TIME Food & Drink

Chile Tries to Revive an Obscure Old Wine Grape

Christoph Hetzmannseder—Moment Open/Getty Images

Pais grapes are known for their thin skins and some critics have likened the wines to French Beaujolais

This article originally appeared on Decanter.

Some of Chile’s biggest wine producers are working to revive the Pais grape that arrived in the country with Spanish colonizers but has since lost favor to more modern international varieties.

There are around 7,250 hectares of Pais planted in Chile, mostly in the country’s Maule and Bio Bio Valley regions. But, many wine lovers outside of the trade have probably never heard of it.

That is changing as producers develop a better understanding of how to work with the grape variety, also known as Mission.

‘It is a forgotten grape,’ said Patricio Tapia, a Regional Chair at this year’s Decanter World Wine Awards. ‘For decades, Pais was considered a minor grape only suitable for bulk wines, but now a small group of winemakers are taking Pais very seriously, producing fascinating and enchanting wines.’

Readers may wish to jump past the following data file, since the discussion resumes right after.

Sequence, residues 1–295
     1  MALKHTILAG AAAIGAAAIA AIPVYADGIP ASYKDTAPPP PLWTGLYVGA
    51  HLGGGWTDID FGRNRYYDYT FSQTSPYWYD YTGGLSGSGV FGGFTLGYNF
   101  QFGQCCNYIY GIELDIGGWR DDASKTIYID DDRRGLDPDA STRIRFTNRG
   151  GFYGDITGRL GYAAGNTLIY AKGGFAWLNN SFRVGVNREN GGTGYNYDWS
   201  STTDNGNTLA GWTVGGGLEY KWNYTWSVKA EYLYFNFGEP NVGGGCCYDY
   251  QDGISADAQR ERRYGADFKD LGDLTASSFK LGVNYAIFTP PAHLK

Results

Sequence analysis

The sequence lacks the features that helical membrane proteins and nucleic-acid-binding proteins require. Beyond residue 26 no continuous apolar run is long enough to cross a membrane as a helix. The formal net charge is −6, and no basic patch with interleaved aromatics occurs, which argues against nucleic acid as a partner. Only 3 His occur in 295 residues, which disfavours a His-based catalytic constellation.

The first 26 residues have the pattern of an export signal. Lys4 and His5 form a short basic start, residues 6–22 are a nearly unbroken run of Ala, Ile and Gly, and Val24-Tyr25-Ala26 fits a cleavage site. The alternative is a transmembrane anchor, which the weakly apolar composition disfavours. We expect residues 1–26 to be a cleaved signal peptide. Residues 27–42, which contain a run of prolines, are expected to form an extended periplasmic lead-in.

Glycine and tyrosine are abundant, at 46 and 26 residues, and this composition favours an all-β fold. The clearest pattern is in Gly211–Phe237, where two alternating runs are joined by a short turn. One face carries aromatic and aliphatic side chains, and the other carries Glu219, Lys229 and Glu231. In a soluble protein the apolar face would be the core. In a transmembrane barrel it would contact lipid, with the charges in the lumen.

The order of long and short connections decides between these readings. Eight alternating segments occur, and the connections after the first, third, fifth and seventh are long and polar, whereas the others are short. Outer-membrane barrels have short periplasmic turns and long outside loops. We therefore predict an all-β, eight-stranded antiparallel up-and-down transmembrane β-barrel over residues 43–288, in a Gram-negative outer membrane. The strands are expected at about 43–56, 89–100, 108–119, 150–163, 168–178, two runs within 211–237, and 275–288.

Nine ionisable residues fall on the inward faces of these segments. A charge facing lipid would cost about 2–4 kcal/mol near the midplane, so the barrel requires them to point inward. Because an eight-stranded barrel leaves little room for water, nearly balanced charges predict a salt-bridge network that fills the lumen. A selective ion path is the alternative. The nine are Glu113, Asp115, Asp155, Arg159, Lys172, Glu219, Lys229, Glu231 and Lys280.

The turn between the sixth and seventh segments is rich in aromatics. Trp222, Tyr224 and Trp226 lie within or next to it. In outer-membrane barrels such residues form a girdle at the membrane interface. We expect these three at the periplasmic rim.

Many Pais vines in Chile are more than 100 years old, and the variety is believed to have arrived in the country on Spanish colonial ships in the 16th Century.

Several hundred years later however, it is Carmenere that is considered Chile’s signature grape variety, alongside international favourites such as Cabernet Sauvignon, Chardonnay, Pinot Noir and Merlot.

‘We do expect more single varietal Pais [on the market],’ said Tapia, who has just launched the first English language version of his annual guide to Chilean, Argentine and Uruguayan wines, named ‘Descorchados‘. It includes information on winemaking trends, based on interviews and tastings with 250 wineries, as well as top wines to try.

Concha y Toro, Chile’s largest wine firm, is planning to launch a Pais and Cinsault blend under its Marques de Casa Concha brand in October this year. Marcelo Papa, the winemaker who is overseeing the wine, said the firm has been researching different winemaking techniques with batches of Pais.